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In response to the COVID-19 crisis, the SEC has sought to reassure investors and the financial industry that it is maintaining its investor protection and enforcement efforts. In a statement setting out the Commission’s initial response to the crisis, issued on March 20, the SEC pledged that its enforcement and examination programs will continue to execute their missions and are fully operational.
The Enforcement Division is focused on monitoring the markets for misconduct related to the COVID-19 crisis. In a statement issued on March 23, 2020, the Co-Directors of the Division of Enforcement “emphasize[d] the importance of maintaining market integrity and following corporate controls and procedures.” In particular, they noted that material nonpublic information available to corporate insiders may be even more valuable during the COVID-19 crisis and cautioned people with access to material non-public information—including “directors, officers, employees, consultants and other outside professions”—to be “mindful of their obligations to keep this information confidential and comply with the prohibitions on illegal securities trading.” The Co-Directors urged public companies to be aware of their disclosure obligations, including “established disclosure controls and procedures, insider trading prohibitions, codes of ethics, and Regulation FD and selective disclosure prohibitions[.]” They also reminded investment professionals that they must comply with policies and procedures designed to prevent misuse of material nonpublic information.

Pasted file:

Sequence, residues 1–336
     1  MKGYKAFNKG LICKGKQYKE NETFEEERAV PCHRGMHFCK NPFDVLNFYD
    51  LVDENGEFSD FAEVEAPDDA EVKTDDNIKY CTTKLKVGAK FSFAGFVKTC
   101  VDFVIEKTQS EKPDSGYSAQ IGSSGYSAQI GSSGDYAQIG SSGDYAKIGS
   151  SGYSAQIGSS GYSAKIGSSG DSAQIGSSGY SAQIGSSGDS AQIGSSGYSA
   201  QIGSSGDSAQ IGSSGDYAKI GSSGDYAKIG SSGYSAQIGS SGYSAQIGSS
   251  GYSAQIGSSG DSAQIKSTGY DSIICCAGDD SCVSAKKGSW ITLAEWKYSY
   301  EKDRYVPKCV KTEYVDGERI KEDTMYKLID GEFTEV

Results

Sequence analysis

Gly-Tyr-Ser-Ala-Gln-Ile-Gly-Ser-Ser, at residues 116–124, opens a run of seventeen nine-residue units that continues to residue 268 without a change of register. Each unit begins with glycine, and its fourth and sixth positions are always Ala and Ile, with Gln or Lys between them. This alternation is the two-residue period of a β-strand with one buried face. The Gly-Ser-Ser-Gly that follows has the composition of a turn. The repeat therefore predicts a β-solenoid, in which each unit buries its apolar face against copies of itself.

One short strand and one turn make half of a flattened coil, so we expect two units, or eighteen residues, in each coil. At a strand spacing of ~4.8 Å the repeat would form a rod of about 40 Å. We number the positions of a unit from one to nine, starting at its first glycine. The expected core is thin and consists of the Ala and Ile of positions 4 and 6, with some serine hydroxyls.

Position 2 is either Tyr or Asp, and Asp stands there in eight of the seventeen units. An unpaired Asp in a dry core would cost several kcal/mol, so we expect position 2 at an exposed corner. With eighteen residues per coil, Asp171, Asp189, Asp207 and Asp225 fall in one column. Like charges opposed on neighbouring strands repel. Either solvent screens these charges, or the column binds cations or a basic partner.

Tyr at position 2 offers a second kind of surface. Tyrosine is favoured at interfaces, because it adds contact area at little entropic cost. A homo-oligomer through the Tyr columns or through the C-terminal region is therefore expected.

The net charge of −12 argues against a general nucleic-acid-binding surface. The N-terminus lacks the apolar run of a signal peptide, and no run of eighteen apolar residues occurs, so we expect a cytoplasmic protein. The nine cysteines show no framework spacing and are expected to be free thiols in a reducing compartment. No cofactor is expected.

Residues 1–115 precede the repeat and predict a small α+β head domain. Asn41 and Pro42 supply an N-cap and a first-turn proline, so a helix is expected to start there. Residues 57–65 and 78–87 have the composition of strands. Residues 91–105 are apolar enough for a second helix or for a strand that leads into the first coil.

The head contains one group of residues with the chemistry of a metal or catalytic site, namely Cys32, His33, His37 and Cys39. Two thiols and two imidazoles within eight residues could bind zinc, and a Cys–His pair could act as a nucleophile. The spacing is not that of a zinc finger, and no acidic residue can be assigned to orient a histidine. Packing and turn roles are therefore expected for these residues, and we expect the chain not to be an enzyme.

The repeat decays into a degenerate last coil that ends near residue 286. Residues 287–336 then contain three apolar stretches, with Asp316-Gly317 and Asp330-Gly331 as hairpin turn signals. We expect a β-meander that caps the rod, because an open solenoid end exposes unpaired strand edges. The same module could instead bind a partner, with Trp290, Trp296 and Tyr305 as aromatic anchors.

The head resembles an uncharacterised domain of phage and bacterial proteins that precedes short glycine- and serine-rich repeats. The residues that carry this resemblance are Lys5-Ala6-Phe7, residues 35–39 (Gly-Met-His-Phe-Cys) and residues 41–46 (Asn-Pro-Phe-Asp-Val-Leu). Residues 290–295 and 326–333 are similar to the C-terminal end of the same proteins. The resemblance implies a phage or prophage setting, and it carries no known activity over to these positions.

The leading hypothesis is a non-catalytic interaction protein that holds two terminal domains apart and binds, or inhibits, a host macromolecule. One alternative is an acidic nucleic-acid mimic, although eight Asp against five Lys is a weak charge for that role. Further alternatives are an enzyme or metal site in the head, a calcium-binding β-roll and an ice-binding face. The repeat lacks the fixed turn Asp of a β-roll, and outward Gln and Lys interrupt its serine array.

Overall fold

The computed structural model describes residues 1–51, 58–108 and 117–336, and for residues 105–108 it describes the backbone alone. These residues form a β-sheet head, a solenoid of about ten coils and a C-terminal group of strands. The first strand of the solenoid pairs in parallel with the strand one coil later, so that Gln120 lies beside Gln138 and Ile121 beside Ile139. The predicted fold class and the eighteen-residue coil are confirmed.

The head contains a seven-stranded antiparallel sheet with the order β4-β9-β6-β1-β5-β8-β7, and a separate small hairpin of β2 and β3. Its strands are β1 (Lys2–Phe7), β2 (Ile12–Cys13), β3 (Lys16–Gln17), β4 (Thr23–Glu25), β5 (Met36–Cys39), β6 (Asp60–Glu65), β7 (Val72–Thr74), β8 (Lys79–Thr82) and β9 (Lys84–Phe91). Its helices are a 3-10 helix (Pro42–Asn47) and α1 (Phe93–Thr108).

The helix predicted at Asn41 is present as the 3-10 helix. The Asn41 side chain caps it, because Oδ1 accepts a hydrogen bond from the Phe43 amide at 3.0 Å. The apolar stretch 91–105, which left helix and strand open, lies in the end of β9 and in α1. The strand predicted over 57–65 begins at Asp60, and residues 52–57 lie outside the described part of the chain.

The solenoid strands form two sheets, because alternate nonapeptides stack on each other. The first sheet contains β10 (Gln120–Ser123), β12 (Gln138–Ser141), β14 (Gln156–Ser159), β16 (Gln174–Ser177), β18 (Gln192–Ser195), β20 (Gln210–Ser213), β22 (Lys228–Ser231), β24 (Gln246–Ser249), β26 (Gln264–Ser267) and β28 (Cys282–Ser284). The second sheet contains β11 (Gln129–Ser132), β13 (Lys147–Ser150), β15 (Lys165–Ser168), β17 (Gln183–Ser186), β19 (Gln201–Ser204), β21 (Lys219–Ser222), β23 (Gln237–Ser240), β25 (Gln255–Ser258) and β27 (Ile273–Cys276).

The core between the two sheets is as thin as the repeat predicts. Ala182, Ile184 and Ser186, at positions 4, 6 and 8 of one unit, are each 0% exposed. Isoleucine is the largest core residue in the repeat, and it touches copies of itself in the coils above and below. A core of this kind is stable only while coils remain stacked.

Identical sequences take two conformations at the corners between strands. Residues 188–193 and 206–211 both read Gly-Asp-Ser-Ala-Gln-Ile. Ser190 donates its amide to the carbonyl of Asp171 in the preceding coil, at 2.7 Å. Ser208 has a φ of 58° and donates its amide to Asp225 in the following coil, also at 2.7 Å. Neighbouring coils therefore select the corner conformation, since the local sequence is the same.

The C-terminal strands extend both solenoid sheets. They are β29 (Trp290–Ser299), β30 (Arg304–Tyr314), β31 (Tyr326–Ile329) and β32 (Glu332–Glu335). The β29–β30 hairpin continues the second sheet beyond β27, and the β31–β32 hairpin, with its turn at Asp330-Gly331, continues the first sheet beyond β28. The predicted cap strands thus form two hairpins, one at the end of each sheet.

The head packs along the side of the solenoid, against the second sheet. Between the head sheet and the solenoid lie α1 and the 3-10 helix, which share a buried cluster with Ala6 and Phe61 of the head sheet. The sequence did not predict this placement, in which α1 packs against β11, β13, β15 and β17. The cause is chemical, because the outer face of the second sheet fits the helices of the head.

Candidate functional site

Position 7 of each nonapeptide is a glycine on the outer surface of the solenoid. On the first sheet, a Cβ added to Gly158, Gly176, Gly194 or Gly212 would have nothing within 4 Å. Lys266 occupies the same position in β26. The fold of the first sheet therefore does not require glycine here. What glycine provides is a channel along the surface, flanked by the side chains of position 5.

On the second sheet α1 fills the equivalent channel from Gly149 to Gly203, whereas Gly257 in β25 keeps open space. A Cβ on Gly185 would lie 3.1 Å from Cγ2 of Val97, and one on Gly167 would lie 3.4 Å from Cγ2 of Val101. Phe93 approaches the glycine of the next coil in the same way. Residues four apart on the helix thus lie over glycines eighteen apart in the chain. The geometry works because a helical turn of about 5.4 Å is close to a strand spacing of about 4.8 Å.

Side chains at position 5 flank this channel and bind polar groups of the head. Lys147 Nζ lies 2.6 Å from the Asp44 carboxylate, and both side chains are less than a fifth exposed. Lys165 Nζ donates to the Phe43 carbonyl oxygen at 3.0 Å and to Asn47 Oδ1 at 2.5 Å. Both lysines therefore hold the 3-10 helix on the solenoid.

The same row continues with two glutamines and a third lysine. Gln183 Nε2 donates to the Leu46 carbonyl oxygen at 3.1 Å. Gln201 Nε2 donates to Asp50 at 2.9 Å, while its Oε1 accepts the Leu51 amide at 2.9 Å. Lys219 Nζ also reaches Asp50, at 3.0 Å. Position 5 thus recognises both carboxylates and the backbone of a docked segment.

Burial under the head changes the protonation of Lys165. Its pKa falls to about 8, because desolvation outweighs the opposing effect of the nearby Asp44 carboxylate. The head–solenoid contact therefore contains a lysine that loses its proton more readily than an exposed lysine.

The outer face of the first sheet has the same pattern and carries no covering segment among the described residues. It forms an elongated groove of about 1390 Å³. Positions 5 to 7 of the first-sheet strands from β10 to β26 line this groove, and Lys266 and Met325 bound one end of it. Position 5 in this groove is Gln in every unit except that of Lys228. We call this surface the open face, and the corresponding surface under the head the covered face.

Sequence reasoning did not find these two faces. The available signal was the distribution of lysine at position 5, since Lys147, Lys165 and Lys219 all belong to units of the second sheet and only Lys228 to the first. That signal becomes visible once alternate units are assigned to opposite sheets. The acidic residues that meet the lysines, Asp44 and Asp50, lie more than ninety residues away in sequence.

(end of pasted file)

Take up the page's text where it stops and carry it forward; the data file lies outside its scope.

For now, it looks like the SEC is making good on its word, having announced a flurry of new enforcement actions in the past week as if trying to prove its commitment to zealous enforcement during the crisis. It recently suspended trading in the securities of two companies for COVID-19 related conduct. Trading in the first company’s shares was suspended due to concerns about, among other things, information in the marketplace disseminated by third parties concerning the viability of the company’s product to treat COVID-19. Trading in the second company’s shares was suspended due to concerns about, among other things, information in the marketplace about the company’s marketing rights to a COVID-19 treatment. Moreover, anecdotal evidence suggests that the staff is pushing investigations forward by issuing subpoenas, chasing parties for document productions, making Wells calls, etc.
Of course, the SEC’s enforcement efforts are not unaffected by COVID-19. The SEC’s cases in active litigation are being impacted by the various court closures and related delays throughout the country. In addition, like many of us, SEC enforcement staff is working from home and facing significant travel restrictions. The Co-Directors recently held a virtual town meeting for Division of Enforcement staff where they stressed that work must go on but acknowledged inevitable challenges and delays. They encouraged the staff to do their best under the circumstances and be accommodating within reason.